When you're really hungry for more than pound cake

I'm terrible at fasting.  It's the sweets that break me.  The last one that ruined me was during Lent over three years ago.  It came in the form of a thick and buttery almond pound cake.  It permeated the room with its delicious aroma.  I could see the edges of it begging to be torn away, the place where the crunchy meets the gooey.  I liked how it was a little underdone.

I was standing in my mother's kitchen as the weak winter sun reached lazy through the windows.  Specks of matter could be seen floating through the stillness, never settling.  I began to question my reasons for fasting, and I realized how unsettled I was in my wavering determination to not partake of culinary bliss.

My fingers delicately picked at the crispy edge, and brought the temptation closer to my lips.  Now broken, I ate it.  It was delicious.  It satisfied. It met my desire to know how it would taste and fill the inside of me.  I hungered for it, and it filled me.

Food can do that for you.  It can fill those empty places, those unmet desires.  It brings smiles and memories.  It brings happiness and satisfaction.  It fills us for awhile.

And then we get hungry. . . again.

There are needs in our life that can never be satisfied by what can be offered in this world.   These empty pangs moving deep within are longing to be fed.  They are relentless in their pursuit of being satisfied.  We cannot ignore them forever. We cannot fill them, although we try.  We feed them with food or money, sex or success, drugs or distractions.  We find these things ease the pain, until the hunger reminds us that it is not fully satisfied.  We are giving it all of these small gods when there is only one big God who can truly fill the need.

I've been thinking a lot about my own empty places.  God has shown me that while I'm a believer in grace, I have a hard time receiving it.  In my try-hard life, I try to not need it, and when I do, I tell myself that I can't mess up again.  I've placed limits on a limitless God, and in so doing I have taken away the freedom I am meant to have in Christ.  I am imprisoned by my own thoughts, and that's a difficult and lonely place to be.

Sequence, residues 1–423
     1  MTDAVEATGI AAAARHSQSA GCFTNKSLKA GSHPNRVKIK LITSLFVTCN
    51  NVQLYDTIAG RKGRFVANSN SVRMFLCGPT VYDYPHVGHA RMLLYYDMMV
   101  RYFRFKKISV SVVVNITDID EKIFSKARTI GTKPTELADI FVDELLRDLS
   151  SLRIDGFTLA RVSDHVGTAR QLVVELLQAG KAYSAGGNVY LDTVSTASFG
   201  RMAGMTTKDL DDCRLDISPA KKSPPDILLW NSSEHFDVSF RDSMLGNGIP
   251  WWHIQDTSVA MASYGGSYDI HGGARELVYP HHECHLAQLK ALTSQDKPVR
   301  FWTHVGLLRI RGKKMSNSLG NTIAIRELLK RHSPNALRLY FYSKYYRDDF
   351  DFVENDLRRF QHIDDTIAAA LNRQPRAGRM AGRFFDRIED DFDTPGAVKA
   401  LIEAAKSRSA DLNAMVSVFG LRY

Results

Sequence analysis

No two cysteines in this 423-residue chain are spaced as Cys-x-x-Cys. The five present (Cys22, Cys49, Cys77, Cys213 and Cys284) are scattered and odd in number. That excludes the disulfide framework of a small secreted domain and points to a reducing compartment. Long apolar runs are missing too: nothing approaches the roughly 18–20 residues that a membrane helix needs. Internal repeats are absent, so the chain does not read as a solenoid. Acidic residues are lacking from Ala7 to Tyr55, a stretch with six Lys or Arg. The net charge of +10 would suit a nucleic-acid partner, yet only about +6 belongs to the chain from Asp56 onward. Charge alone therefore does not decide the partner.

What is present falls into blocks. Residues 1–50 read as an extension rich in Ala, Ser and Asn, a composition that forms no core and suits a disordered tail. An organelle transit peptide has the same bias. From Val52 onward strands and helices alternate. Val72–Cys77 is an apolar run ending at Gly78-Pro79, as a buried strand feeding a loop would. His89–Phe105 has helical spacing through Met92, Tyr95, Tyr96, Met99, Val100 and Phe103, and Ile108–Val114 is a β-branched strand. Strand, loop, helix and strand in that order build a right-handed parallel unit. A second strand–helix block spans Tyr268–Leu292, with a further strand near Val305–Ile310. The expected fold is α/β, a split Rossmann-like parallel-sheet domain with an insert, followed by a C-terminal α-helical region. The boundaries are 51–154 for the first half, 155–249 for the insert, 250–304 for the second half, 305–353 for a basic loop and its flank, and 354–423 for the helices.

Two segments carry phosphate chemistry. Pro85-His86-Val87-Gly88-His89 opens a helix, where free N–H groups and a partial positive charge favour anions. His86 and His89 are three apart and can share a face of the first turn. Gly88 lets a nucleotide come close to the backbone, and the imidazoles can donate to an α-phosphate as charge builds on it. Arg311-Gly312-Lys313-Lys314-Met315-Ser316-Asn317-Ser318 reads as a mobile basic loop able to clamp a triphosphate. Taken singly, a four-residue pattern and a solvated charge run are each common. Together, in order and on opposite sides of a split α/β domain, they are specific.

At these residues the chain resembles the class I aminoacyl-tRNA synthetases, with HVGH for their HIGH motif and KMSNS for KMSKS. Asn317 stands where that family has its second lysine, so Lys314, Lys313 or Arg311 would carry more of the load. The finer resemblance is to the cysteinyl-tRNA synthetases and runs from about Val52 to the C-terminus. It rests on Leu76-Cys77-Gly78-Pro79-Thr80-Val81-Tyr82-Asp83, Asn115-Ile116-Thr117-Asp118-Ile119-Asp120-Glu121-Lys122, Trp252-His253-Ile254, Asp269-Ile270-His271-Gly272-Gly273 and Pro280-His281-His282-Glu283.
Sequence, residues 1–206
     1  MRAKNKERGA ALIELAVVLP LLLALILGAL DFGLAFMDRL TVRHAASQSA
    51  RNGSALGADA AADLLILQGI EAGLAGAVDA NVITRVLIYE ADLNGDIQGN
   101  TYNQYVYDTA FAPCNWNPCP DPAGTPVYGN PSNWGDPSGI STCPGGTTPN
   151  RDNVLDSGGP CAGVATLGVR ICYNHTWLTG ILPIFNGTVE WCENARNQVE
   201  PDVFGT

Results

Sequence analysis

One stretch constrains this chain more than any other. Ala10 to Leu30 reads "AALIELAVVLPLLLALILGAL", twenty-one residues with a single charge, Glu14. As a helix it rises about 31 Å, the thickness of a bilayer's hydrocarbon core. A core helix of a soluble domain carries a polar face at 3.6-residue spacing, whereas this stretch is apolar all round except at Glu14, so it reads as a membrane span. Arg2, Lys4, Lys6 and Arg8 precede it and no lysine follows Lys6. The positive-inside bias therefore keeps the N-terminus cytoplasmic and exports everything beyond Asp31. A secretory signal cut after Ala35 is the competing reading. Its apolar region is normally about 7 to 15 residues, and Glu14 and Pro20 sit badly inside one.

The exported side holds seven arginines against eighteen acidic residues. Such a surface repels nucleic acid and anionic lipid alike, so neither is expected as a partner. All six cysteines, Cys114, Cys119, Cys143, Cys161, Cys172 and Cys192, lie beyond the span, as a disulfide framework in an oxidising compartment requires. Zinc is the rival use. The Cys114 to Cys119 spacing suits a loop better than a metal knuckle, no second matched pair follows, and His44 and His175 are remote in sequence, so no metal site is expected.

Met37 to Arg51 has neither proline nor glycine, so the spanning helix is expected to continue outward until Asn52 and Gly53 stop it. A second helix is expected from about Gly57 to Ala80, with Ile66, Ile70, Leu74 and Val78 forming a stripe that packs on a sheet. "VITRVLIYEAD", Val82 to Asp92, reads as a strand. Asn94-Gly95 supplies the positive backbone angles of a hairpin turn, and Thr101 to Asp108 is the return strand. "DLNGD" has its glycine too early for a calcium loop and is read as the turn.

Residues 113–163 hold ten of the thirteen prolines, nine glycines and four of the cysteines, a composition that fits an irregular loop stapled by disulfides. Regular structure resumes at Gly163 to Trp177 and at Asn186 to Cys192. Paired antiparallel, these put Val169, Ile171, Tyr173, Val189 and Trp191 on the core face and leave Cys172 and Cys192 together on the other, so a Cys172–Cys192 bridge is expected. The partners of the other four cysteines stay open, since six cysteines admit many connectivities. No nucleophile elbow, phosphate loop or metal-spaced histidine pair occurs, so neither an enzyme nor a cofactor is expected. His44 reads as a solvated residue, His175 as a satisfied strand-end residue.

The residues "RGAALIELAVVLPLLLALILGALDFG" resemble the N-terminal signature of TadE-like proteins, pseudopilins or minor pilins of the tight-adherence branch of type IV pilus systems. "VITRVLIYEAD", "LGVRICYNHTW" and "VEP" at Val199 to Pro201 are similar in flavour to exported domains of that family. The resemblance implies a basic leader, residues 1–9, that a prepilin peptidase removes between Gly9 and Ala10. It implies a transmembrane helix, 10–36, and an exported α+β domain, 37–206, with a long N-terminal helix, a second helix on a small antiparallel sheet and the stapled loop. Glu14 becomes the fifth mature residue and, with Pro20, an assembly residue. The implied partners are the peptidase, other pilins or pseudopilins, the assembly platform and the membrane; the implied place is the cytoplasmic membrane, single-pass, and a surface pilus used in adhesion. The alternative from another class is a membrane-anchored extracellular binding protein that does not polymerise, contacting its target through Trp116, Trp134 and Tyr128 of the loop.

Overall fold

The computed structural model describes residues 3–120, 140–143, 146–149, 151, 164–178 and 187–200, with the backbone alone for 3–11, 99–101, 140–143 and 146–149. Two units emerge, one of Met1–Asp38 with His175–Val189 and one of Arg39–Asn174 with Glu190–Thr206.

When the pulpit challenge came to set aside the tasty morsels of life, so that we might hunger more for God, I knew I was desperately ready.  I didn't want pound cake; I wanted God.  Three weeks we set apart, a congregation of people hungering for more of him.  Twenty one days I spent asking God to reveal his plan of grace for me.  I wanted to know something deeper than saving grace, I wanted to own and live the daily gift of it.

I discovered a lot about myself during this time.  I'm beginning to understand my desire for approval and perfection.  I am learning how to say yes to offers of grace, not only from God, but from others.  I have a long way to go, but I'm farther along than I have ever been before.  I am tasting the beauty of freedom.

On the twenty first day, we sat in our gathering place as a body of Christ.  The bread was broken, and offered to us.  I swallowed it thankfully in remembrance of the one who satisfies.


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